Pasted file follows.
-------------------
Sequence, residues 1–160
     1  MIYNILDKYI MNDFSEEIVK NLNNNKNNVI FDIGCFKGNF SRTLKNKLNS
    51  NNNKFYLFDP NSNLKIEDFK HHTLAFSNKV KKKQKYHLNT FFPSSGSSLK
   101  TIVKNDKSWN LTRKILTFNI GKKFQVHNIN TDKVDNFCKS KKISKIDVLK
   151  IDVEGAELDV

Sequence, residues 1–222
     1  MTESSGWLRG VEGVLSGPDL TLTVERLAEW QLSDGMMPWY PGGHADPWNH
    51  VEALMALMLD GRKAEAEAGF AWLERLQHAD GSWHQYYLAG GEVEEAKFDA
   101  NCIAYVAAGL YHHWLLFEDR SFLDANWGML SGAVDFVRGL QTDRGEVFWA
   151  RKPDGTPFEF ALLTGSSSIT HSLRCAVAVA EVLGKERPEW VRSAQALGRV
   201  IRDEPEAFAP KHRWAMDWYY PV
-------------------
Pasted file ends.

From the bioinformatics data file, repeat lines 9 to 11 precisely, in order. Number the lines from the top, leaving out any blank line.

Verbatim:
   101  NCIAYVAAGL YHHWLLFEDR SFLDANWGML SGAVDFVRGL QTDRGEVFWA
   151  RKPDGTPFEF ALLTGSSSIT HSLRCAVAVA EVLGKERPEW VRSAQALGRV
   201  IRDEPEAFAP KHRWAMDWYY PV